TiNY Club: Listening Activities

For today’s Tiny Club, we’re going to learn about listening. 

Listen: to give your attention to something or someone. 

Our August Tiny Club book of the month is Cori Doerrfeld’s The Rabbit Listened. Watch this reading of the book with your child, then talk about what the rabbit did. The rabbit listened to Taylor when the other animals wouldn’t. How did that help Taylor? How do we feel when people don’t listen to us? How do we feel when they do listen to us?

When we listen, we give our attention to someone. We hear what they say and try to understand; listening is a great way to practice empathy. When we listen, we make people feel valued and special. When we don’t listen, we make them feel sad and lonely. Ask your child who they listen to. Ask who listens to them. 


Play telephone with your family!

Telephone is a helpful game to practice listening skills because it requires paying careful attention. Ask your family to sit in a circle with family members spaced out so there’s no accidental eavesdropping. Have one family member think of a word or phrase; have them quietly whisper it into the ear of the person sitting to their right. Move through the circle with each person repeating what they heard to the person to their right until everyone has had a chance to play. When the “telephone” gets to the last person, have them say out loud to the group what they heard. Usually, the end result is very different from the original word or phrase! With lots of listening practice, however, the end result may end up very close to the starting message.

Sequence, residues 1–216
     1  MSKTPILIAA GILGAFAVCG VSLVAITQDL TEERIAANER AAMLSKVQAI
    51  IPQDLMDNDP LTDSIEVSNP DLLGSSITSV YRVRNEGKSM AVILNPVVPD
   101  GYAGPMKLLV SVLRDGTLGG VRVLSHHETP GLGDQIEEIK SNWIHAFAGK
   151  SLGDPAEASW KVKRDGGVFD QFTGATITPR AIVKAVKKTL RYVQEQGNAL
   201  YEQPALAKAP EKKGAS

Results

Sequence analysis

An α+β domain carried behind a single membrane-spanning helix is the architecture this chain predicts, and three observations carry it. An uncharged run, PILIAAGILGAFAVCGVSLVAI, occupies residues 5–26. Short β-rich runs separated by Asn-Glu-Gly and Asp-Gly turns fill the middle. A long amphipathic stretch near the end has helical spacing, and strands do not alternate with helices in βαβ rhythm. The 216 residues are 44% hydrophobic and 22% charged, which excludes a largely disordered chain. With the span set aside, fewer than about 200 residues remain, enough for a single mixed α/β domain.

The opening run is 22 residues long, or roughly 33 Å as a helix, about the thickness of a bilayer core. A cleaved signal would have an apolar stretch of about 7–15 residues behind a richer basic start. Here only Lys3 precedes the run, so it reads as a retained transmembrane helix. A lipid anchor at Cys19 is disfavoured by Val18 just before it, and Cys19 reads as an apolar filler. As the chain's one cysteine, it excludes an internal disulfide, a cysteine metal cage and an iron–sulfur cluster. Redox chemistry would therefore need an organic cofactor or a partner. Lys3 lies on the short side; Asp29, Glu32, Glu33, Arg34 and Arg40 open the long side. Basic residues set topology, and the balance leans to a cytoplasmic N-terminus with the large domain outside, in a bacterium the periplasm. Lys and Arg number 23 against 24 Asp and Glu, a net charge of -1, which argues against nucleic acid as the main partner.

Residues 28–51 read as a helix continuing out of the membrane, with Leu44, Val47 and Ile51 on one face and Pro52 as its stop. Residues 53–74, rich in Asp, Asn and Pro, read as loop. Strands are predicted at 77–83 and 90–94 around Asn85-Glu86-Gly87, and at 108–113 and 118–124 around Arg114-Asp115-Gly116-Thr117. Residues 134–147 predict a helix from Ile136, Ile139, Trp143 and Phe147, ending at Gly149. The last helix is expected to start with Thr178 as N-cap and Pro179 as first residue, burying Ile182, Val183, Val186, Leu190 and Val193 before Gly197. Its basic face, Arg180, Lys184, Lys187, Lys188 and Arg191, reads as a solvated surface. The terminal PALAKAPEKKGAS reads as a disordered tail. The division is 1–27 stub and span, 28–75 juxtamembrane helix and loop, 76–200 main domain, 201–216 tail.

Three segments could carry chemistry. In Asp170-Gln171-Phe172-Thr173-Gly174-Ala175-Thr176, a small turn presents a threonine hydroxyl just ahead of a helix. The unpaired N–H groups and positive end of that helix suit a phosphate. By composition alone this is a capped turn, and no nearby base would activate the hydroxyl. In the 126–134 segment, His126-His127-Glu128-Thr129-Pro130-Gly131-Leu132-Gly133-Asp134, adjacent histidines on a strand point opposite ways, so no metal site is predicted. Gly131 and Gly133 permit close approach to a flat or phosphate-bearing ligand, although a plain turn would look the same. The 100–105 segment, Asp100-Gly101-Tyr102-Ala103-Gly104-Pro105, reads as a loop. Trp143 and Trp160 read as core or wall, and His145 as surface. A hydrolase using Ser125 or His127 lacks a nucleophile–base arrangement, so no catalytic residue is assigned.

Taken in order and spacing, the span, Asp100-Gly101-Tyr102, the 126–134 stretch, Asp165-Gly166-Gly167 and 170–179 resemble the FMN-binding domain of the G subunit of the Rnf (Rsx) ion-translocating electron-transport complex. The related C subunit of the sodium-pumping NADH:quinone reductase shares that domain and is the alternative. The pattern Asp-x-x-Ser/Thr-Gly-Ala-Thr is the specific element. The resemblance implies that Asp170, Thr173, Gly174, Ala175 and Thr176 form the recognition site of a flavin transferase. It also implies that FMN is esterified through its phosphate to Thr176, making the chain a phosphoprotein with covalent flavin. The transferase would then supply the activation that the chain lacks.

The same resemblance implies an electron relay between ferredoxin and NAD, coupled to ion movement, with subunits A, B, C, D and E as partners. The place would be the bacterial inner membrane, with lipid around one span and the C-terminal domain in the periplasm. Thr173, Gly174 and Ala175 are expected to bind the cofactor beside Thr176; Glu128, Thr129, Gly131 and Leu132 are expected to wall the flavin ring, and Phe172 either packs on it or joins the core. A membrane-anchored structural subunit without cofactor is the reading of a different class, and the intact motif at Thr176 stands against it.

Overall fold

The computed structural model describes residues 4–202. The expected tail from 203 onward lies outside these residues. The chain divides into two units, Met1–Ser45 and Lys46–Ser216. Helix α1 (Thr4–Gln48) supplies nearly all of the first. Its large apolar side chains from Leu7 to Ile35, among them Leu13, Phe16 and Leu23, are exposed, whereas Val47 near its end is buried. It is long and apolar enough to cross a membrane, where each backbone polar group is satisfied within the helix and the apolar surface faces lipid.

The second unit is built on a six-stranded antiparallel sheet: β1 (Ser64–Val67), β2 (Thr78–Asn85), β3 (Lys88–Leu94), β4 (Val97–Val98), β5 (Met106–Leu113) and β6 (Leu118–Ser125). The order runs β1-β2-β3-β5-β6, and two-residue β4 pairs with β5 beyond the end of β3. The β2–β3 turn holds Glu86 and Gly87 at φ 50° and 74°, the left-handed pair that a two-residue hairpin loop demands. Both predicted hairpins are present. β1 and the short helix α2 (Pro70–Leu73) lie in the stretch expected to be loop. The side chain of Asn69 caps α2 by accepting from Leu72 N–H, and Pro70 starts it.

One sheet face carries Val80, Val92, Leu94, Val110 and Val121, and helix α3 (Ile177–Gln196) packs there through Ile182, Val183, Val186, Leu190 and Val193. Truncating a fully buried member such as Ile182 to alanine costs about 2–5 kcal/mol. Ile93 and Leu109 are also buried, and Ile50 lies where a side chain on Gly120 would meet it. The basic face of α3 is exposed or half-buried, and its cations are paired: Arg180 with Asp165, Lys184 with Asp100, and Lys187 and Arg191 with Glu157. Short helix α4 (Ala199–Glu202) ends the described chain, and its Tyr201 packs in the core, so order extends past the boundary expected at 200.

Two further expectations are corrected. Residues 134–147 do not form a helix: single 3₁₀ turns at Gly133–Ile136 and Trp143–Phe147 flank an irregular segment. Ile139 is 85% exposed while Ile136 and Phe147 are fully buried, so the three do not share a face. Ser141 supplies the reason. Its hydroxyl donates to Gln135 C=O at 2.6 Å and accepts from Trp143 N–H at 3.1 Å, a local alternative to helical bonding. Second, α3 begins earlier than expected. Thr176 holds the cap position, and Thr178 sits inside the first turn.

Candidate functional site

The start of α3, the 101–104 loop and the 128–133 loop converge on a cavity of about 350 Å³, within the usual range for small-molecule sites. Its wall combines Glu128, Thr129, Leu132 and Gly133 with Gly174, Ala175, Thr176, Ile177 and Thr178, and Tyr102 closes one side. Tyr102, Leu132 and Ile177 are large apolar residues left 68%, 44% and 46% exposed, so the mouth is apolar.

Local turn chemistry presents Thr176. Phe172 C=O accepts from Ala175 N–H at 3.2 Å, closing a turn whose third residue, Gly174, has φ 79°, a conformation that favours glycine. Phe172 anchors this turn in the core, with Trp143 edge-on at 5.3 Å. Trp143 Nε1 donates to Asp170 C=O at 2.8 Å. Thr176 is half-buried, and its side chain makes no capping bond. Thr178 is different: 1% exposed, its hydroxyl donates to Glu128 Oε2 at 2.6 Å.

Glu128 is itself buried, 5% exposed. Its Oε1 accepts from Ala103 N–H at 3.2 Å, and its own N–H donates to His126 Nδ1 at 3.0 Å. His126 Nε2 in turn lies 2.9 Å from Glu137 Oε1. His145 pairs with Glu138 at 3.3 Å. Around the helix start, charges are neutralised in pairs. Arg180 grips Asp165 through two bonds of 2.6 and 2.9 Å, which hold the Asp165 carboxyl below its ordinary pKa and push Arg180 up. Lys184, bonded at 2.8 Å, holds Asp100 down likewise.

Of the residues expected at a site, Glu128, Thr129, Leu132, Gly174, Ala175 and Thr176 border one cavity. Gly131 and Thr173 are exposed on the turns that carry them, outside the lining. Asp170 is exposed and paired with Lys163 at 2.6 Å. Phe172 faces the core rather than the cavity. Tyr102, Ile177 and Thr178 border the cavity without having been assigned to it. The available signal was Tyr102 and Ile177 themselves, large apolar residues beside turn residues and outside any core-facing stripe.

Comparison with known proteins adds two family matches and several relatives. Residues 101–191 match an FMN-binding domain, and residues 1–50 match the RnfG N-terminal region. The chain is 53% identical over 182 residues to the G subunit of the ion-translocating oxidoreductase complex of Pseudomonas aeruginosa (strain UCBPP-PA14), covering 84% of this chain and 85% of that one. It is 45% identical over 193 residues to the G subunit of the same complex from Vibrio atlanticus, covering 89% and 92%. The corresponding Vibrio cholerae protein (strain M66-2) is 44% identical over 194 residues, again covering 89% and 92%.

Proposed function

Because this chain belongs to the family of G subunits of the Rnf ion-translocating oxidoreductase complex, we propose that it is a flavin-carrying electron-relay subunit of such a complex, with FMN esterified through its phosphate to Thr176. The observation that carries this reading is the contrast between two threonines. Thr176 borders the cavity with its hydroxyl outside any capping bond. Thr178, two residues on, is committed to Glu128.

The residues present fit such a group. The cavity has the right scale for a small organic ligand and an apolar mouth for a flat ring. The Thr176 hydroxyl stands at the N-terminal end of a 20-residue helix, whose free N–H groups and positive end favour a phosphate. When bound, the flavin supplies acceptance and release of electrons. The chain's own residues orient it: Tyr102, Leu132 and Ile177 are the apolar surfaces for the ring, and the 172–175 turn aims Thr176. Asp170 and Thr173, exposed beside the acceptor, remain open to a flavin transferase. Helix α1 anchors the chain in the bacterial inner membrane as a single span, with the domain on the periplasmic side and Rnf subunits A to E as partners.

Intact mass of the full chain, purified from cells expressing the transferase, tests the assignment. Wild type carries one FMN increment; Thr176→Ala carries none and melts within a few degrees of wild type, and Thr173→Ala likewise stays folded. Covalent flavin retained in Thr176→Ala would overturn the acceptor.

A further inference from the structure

Tin Can Telephone

We may not have as many opportunities to speak to our loved ones face-to-face right now due to COVID-19, but there are still many ways to stay in touch. We can write letters, video call, and chat over the phone. 

For younger children, a tin can telephone is a great way to practice listening and talking over the phone.

I hear you loud and clear!


A long piece of string
Two tin cans with the lids removed
A hammer
A nail or screw

Step 1. Have an adult use the hammer and nail or screw to poke a hole into the bottom of each can.

Step 2. Pull the string through each of the holes, pushing it from the outside of the can to the inside of the can. Knot the string on the inside so that it stays put.

Step 3. Have one person hold one can up to their ear. Have the other person talk into the other can. 

When we talk, we send vibrations through the air. Those vibrations travel through one can, through the string, and back out to the other can. 

Happy listening!


Image of TeMika Grooms and the children's book she illustrated with Raphael Warnock, "Put Your Shoes On & Get Ready!"
Ms. Grooms and CMA team Member Nashana Pritchett Children's Museum of Atlanta was excited to ...
written by Mandy Hester, Social Media Coordinator at Children's Museum of Atlanta Have you ever ...
Children’s Museum of Atlanta  is delighted to be a recipient of a grant from Fulton County ...